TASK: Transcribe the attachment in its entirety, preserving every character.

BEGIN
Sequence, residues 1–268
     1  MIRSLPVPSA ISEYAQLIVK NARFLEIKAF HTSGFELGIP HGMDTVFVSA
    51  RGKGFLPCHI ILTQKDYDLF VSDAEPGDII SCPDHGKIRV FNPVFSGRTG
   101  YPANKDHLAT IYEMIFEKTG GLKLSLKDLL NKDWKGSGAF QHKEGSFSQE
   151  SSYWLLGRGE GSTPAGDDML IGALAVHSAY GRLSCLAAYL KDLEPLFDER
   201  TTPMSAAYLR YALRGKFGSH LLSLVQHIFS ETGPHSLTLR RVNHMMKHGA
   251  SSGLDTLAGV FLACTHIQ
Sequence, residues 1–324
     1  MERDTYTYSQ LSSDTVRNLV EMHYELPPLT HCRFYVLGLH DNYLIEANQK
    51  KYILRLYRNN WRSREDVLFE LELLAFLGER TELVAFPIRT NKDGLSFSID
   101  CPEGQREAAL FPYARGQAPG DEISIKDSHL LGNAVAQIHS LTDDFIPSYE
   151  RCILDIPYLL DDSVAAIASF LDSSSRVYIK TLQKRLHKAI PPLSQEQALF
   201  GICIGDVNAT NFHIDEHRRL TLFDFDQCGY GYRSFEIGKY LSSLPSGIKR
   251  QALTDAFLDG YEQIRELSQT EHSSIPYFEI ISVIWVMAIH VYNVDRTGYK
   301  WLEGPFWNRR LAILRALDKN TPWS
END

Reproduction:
Sequence, residues 1–268
     1  MIRSLPVPSA ISEYAQLIVK NARFLEIKAF HTSGFELGIP HGMDTVFVSA
    51  RGKGFLPCHI ILTQKDYDLF VSDAEPGDII SCPDHGKIRV FNPVFSGRTG
   101  YPANKDHLAT IYEMIFEKTG GLKLSLKDLL NKDWKGSGAF QHKEGSFSQE
   151  SSYWLLGRGE GSTPAGDDML IGALAVHSAY GRLSCLAAYL KDLEPLFDER
   201  TTPMSAAYLR YALRGKFGSH LLSLVQHIFS ETGPHSLTLR RVNHMMKHGA
   251  SSGLDTLAGV FLACTHIQ
Sequence, residues 1–324
     1  MERDTYTYSQ LSSDTVRNLV EMHYELPPLT HCRFYVLGLH DNYLIEANQK
    51  KYILRLYRNN WRSREDVLFE LELLAFLGER TELVAFPIRT NKDGLSFSID
   101  CPEGQREAAL FPYARGQAPG DEISIKDSHL LGNAVAQIHS LTDDFIPSYE
   151  RCILDIPYLL DDSVAAIASF LDSSSRVYIK TLQKRLHKAI PPLSQEQALF
   201  GICIGDVNAT NFHIDEHRRL TLFDFDQCGY GYRSFEIGKY LSSLPSGIKR
   251  QALTDAFLDG YEQIRELSQT EHSSIPYFEI ISVIWVMAIH VYNVDRTGYK
   301  WLEGPFWNRR LAILRALDKN TPWS